Public schools in North Carolina will open for in-person classes in the fall if Covid-19 metrics trend in the right direction.
State leaders say opening schools will not happen if it puts the health and safety of students and teachers at risk.
"I am concerned."
Mandy Cohen, Secretary of North Carolina’s Department of Health and Human Services, says opening schools is a top priority. But the metrics right now are not going in a good direction.
In fact, says Dr. Cohen, North Carolina’s alarming rise in cases and hospitalizations caught the attention over the weekend of White House Coronavirus Response Coordinator Dr. Deborah Birx.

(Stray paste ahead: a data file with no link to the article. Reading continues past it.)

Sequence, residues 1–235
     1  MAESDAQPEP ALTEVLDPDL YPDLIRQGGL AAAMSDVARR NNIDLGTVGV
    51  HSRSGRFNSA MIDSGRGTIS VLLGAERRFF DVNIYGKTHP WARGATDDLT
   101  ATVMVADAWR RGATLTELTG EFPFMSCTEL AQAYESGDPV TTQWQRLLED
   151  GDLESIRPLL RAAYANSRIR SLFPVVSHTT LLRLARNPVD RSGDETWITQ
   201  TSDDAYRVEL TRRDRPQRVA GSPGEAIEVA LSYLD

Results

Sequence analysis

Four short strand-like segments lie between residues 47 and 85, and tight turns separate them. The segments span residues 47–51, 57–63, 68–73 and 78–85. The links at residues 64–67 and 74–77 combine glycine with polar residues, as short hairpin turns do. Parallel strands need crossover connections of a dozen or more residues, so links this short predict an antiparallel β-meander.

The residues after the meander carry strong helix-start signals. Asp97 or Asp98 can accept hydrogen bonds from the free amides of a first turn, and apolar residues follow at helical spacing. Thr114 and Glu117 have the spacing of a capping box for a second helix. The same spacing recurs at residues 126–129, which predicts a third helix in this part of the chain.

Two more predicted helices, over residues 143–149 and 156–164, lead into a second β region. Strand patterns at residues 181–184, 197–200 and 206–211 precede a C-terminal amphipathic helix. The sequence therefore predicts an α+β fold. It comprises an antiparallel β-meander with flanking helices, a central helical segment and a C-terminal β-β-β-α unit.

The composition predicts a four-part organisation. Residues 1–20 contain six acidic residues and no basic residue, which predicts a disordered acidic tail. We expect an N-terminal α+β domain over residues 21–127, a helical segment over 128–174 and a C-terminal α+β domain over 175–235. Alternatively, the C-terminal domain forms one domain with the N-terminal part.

"On Saturday, we reported our highest number of new, laboratory-confirmed cases in one day at 1370 new cases. At the same time, our other key metrics have moved in the wrong direction. Covid-19 hospitalizations are increasing and stand at 739 statewide. The percent of tests that are positive is now among the highest in the nation."
Mandy Cohen says one of the drivers of the increase is greater movement by people two weeks after the state moved to phase two of reopening.
State officials say it’s especially important for people who have attended protests or any kind of mass gathering to get tested. Cohen also suggests that people working in high-risk jobs with lots of foot traffic – such as grocery stores or meat processing facilities get tested as soon as possible.
It’s hard to get a handle on the virus, says Cohen, in part, because of the two-week incubation period and because people can spread the virus without having any symptoms.